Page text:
A New Travel/Literature Blog

It has been a year this month since I last posted an entry on this blog. It hasn’t been a year since I wrote anything, on the contrary my short, ‘River of Blood’ was published in Bunburry Magazine and will be published in print in an Anthology later this year. I finally gained the courage to send off a short story, and I am glad I conquered my fear of people reading my fiction. As Eleanor Roosevelt states,

“You gain strength, courage and confidence by every experience in which you really stop to look fear in the face.”

Bunburry Mag

Bunburry Magazine

But sometimes you just need to switch off, and write for yourself. In September I started a Masters at Exeter University in Creative Writing and English, which has got my fingers tapping harder than ever before. So, now I think it is time to write in the open once more…


An Unlikely Pilgrimage

As Rachel Joyce eloquently states in her book The Unlikely Pilgrimage, it makes sense that if we keep putting one foot in front of the other we will eventually reach our destination. But sometimes for a person like me who suffers from depression, the hardest part of our journey is to keep going, to put one foot in front of the other. To face the mundane.

“People were buying milk, or filling their cars with petrol, or even posting letters. And what no one else knew was the appalling weight of the thing they were carrying inside. The superhuman effort it took sometimes to be normal, and a part of things that appeared both easy and everyday. The loneliness of that.”

Rachel Joyce, The Unlikely Pilgrimage of Harold Fry

It’s a lonely life pretending to feel normal, to feel a part of the people and activity going on around you when you have always felt separate. When I meet new people I wonder if they feel like I do. Closed in inside their bodies, watching me from within, as I watch them. A body is designed for human touch, but a faulty design has meant I am hidden inside a body that has become desensitized. When this body is meant to cry, it wants to laugh out loud. When it is expected to laugh, it pretends, embarrassed that it is sad. A human body at fault.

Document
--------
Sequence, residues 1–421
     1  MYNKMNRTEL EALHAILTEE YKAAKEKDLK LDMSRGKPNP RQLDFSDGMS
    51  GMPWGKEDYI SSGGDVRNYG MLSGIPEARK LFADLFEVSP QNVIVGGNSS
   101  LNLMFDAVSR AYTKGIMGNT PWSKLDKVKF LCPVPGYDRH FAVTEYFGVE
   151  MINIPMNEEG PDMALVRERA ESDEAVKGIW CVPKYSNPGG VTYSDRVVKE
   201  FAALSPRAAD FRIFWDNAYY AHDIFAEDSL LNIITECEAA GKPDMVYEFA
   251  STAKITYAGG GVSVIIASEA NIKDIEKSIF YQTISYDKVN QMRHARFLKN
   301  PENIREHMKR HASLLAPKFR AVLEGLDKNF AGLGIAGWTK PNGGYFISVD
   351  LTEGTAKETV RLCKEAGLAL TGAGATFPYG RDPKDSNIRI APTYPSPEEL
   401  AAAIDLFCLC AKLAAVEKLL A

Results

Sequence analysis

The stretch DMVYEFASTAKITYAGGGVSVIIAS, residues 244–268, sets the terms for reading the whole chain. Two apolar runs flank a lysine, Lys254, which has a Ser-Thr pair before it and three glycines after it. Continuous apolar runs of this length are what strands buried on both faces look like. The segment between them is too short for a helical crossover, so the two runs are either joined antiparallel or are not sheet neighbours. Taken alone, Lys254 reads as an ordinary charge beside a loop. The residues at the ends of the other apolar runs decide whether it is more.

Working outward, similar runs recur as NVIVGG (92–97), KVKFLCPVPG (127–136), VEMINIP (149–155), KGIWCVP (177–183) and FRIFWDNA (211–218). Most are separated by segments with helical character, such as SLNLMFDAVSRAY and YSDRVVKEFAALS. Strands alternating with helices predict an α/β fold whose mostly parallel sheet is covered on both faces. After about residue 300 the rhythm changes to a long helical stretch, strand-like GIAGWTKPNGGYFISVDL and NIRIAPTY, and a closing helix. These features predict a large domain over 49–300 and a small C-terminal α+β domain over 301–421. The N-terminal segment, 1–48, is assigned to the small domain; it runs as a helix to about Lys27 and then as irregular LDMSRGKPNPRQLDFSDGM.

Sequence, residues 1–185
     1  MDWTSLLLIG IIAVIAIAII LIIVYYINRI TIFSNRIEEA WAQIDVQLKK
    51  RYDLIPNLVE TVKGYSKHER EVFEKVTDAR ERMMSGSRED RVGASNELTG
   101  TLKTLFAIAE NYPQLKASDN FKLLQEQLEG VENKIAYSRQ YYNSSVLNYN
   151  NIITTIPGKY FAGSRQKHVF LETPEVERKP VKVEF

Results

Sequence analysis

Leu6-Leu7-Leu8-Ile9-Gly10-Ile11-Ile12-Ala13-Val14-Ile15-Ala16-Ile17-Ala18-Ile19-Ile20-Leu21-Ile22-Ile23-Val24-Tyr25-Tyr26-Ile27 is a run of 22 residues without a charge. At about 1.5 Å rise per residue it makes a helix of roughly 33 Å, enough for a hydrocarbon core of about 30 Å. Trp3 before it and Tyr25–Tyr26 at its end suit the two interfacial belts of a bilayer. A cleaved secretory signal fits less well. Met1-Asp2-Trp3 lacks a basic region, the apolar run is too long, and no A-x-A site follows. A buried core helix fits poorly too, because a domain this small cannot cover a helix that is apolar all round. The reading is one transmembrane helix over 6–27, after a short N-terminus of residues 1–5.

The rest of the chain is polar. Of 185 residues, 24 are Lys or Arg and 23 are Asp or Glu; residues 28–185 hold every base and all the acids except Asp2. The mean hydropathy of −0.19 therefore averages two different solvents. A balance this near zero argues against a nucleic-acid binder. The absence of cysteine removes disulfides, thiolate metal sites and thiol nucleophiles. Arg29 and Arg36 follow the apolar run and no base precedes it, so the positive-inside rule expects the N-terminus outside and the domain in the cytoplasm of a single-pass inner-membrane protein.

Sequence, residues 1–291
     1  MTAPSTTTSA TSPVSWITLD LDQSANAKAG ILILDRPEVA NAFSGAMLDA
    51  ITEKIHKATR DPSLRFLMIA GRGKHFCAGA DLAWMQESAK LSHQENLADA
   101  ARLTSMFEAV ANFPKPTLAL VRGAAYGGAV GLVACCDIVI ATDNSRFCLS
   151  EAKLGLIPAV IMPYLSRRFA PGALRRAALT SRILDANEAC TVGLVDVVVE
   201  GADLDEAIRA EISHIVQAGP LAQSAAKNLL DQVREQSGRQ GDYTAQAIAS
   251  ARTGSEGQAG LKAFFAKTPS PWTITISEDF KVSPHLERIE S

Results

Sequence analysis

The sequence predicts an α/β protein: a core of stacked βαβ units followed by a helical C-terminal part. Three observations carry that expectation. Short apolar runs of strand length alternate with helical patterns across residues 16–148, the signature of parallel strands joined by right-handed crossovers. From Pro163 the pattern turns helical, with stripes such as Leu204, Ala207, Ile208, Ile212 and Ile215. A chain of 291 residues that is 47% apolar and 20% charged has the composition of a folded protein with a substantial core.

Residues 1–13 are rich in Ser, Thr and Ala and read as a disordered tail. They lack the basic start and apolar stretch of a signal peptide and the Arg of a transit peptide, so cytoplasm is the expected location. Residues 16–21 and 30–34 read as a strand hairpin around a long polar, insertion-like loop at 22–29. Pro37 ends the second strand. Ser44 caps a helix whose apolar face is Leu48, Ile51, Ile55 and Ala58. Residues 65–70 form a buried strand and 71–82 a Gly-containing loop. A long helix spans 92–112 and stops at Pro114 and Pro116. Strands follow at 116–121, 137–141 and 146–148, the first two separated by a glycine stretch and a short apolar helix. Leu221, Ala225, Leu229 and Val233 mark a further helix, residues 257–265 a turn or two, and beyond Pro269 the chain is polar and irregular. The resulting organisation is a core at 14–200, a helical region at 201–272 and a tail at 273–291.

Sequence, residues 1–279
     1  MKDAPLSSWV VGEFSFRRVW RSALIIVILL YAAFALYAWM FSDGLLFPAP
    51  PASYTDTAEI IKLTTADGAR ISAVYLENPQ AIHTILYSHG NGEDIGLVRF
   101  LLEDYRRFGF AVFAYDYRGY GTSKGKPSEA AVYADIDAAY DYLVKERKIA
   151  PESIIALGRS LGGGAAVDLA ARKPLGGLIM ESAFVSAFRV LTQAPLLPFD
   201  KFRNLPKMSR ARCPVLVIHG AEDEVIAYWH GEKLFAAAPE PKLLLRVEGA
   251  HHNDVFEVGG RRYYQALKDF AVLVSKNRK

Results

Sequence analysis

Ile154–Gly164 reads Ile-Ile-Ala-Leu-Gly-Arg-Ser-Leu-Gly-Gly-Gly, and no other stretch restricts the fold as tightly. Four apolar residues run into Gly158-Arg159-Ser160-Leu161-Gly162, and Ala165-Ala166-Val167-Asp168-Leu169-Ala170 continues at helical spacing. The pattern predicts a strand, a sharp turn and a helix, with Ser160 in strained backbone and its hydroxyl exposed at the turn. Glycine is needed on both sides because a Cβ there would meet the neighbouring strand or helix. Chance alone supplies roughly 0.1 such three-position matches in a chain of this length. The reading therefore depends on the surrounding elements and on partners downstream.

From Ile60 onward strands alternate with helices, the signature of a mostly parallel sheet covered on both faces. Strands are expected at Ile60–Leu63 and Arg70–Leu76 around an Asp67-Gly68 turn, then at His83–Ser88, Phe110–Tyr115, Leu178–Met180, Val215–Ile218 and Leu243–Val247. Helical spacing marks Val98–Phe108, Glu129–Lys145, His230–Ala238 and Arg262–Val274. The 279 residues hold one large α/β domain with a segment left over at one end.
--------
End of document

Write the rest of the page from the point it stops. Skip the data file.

“The least planned part of the journey, however, was the journey itself.”

Rachel Joyce, The Unlikely Pilgrimage of Harold Fry

But the journey can be exciting, the best part is the unexpected twists and turns that happen in our lives. You never know what is going to happen next, especially if your are open to the wealth of new experiences that make this world so beautiful and being human, even a broken one, so worthwhile.

All I Want is to Walk into the Wild..

“There is no greater joy than to have an endlessly changing horizon, for each day to have a new and different sun”

Jon Krakauer, Into the Wild

When I left home I went on an adventure. I went to Israel to work in a kibbutz. Within the month I had left my friends and went on my own. I sat on the bus to Tel-Aviv alone, scared and alive for the first time in my life. I didn’t know where I was going or what I was doing. Every morning was a new sun, a new life and new experiences.

8589130438502-into-the-wild-wallpaper-hdThis is how life should be. We should wake up every morning to a new horizon, new adventures not knowing what to expect. But we don’t. We plan and organise. We wake up to the same sun as yesterday, the same job, the same bills, the same neat organised life we work so damn hard to maintain.

Chris McCandless refused to do this. He kept going when I came back. He walked into the wild while I returned to the dogmatic belief that a university degree is what you must have in life. I was already living, I should not have returned, now I am only existing.

Life isn’t about existing, it’s about experiencing. Chris McCandless wasn’t reckless, he had the energy of youth. To experience every moment.

I now walk into the wild…